Dave Kranzler
Dave Kranzler

04/08/2022

Gold Holds Near $1,760 as Haven Demand From US-China Tensions Offset by Hawkish Fed

Gold is trading around $1,760 an ounce as it finds itself being pulled by two contrasting factors. The visit of US House Speaker Nancy Pelosi to Taiwan has increased political tensions between China and the US with China increasing military operations in the area in response and increasing demand for safe-haven assets such as gold as a result. However, gold’s potential gains from this deteriorating political outlook is offset by the latest comments from Federal Reserve officials that point to further large interest rate hikes with Charles Evans forecasting an increase of 50 to 75 basis points in September. In this environment of ever-rising interest rates, gold’s appeal diminishes due to its lack of yield. While Fed officials have been speaking about future rate hikes, tomorrow is set to bring another actual interest rate increase with the Bank of England expected to raise its benchmark rate by 50 basis points. Historically, even during the depth of Donald Trump’s US Presidency when US-China relations were historically low amid a trade war, the situation has ultimately resolved itself in a harmony of sorts. So while Pelosi’s Taiwan trip is causing a short-term increase in tensions, when this stern rhetoric and military show of strength fades, market focus will return to interest rates and the negative long-term impact that is likely to have on gold. Rupert is a Market Analyst for Kinesis Money, responsible for updating the community with insights and analysis on the gold and silver markets. He brings with him a breadth of experience inwriting about energy and commodities having worked as an oil markets reporter and then precious metals reporter during the seven years he worked at Bloomberg News. As well as market analysis, Rupert writes longer-form thought leadership pieces on topics ranging from carbon markets, the growth of renewableenergy and the challenges of avoiding greenwash while investing sustainably. This publication is for informational purposes only and is not intended to be a solicitation, offering or recommendation of any security, commodity, derivative, investment management service or advisory service and is not commodity trading advice. This publication does not intend to provide investment, tax or legal advice on either a general or specific basis.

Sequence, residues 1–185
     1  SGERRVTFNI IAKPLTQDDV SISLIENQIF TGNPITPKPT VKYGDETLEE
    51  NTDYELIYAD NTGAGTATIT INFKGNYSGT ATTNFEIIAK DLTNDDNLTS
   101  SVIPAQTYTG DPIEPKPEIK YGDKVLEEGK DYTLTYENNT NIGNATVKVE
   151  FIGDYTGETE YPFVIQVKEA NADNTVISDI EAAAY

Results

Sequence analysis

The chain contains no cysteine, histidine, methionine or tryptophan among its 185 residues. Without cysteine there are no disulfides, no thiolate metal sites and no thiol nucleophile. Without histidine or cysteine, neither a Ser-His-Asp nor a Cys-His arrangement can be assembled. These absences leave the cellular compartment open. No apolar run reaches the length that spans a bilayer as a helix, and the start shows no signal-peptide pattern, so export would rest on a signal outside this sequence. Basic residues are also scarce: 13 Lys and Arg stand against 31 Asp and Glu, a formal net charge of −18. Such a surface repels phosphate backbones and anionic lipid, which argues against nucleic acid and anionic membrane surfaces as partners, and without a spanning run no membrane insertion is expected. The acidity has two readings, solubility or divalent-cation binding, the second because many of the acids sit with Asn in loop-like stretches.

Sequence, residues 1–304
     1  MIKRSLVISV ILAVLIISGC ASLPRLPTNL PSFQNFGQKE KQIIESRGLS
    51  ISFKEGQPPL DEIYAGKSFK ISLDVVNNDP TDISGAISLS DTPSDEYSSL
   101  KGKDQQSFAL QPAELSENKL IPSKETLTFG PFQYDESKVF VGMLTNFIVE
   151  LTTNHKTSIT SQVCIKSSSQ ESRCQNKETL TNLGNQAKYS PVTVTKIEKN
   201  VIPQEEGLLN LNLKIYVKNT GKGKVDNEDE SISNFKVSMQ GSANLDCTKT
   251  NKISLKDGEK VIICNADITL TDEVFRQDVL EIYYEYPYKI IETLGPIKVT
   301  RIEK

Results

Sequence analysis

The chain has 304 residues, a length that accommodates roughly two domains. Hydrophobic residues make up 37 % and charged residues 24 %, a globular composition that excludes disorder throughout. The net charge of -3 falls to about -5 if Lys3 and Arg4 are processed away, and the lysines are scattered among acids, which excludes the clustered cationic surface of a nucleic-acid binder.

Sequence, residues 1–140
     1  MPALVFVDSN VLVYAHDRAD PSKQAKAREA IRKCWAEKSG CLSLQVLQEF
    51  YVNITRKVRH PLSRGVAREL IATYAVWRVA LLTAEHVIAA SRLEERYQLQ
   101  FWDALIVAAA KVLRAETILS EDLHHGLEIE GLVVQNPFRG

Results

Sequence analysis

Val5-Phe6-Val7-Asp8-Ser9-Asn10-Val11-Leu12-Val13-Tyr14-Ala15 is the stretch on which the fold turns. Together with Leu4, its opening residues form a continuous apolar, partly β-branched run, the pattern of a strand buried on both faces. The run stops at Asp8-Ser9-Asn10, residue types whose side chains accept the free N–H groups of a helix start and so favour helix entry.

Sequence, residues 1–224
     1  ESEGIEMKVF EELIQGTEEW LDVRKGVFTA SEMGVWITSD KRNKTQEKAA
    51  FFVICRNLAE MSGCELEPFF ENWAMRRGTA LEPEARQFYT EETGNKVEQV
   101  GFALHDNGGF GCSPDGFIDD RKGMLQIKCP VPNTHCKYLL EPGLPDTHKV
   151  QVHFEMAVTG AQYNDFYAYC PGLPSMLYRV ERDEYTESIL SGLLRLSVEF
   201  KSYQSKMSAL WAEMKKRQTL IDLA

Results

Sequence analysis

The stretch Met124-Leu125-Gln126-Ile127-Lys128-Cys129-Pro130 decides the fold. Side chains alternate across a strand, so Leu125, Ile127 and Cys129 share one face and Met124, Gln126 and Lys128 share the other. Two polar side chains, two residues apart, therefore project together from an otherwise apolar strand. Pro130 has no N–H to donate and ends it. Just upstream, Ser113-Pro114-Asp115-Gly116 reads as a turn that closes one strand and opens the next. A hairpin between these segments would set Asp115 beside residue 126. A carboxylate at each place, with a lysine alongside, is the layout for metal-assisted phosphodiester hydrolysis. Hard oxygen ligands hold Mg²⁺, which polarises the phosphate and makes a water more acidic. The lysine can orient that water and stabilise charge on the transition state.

Rupert Rowling
Rupert Rowling

03/08/2022

Gold & Silver August Outlook - Monthly Review - 2022